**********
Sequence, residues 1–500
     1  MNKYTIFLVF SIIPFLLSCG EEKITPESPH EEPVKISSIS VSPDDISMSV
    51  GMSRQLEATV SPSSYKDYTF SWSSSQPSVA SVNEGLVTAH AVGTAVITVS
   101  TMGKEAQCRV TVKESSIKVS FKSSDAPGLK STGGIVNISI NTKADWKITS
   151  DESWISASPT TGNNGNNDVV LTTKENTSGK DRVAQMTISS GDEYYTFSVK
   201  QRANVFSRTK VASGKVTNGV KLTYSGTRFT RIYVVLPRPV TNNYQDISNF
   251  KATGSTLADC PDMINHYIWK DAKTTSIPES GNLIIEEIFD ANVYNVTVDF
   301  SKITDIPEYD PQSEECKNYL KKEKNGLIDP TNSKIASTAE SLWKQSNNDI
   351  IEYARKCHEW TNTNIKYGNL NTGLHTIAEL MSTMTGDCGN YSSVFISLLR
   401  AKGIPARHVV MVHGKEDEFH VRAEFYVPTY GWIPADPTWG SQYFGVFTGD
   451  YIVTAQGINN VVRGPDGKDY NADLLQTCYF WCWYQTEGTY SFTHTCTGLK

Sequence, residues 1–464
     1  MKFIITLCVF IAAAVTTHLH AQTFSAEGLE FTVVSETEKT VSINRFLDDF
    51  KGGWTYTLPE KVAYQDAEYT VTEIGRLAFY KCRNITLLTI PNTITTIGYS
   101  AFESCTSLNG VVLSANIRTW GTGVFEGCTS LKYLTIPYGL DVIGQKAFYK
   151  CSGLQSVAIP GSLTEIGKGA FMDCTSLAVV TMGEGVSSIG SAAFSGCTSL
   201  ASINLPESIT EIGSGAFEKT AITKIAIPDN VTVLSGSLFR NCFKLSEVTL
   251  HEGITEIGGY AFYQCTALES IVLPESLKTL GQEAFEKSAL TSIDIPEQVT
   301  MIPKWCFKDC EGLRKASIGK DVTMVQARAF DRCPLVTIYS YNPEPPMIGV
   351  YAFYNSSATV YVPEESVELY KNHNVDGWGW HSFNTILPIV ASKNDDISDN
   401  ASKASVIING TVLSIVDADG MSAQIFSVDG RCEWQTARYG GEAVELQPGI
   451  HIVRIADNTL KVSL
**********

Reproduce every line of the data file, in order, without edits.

Sequence, residues 1–500
     1  MNKYTIFLVF SIIPFLLSCG EEKITPESPH EEPVKISSIS VSPDDISMSV
    51  GMSRQLEATV SPSSYKDYTF SWSSSQPSVA SVNEGLVTAH AVGTAVITVS
   101  TMGKEAQCRV TVKESSIKVS FKSSDAPGLK STGGIVNISI NTKADWKITS
   151  DESWISASPT TGNNGNNDVV LTTKENTSGK DRVAQMTISS GDEYYTFSVK
   201  QRANVFSRTK VASGKVTNGV KLTYSGTRFT RIYVVLPRPV TNNYQDISNF
   251  KATGSTLADC PDMINHYIWK DAKTTSIPES GNLIIEEIFD ANVYNVTVDF
   301  SKITDIPEYD PQSEECKNYL KKEKNGLIDP TNSKIASTAE SLWKQSNNDI
   351  IEYARKCHEW TNTNIKYGNL NTGLHTIAEL MSTMTGDCGN YSSVFISLLR
   401  AKGIPARHVV MVHGKEDEFH VRAEFYVPTY GWIPADPTWG SQYFGVFTGD
   451  YIVTAQGINN VVRGPDGKDY NADLLQTCYF WCWYQTEGTY SFTHTCTGLK

Sequence, residues 1–464
     1  MKFIITLCVF IAAAVTTHLH AQTFSAEGLE FTVVSETEKT VSINRFLDDF
    51  KGGWTYTLPE KVAYQDAEYT VTEIGRLAFY KCRNITLLTI PNTITTIGYS
   101  AFESCTSLNG VVLSANIRTW GTGVFEGCTS LKYLTIPYGL DVIGQKAFYK
   151  CSGLQSVAIP GSLTEIGKGA FMDCTSLAVV TMGEGVSSIG SAAFSGCTSL
   201  ASINLPESIT EIGSGAFEKT AITKIAIPDN VTVLSGSLFR NCFKLSEVTL
   251  HEGITEIGGY AFYQCTALES IVLPESLKTL GQEAFEKSAL TSIDIPEQVT
   301  MIPKWCFKDC EGLRKASIGK DVTMVQARAF DRCPLVTIYS YNPEPPMIGV
   351  YAFYNSSATV YVPEESVELY KNHNVDGWGW HSFNTILPIV ASKNDDISDN
   401  ASKASVIING TVLSIVDADG MSAQIFSVDG RCEWQTARYG GEAVELQPGI
   451  HIVRIADNTL KVSL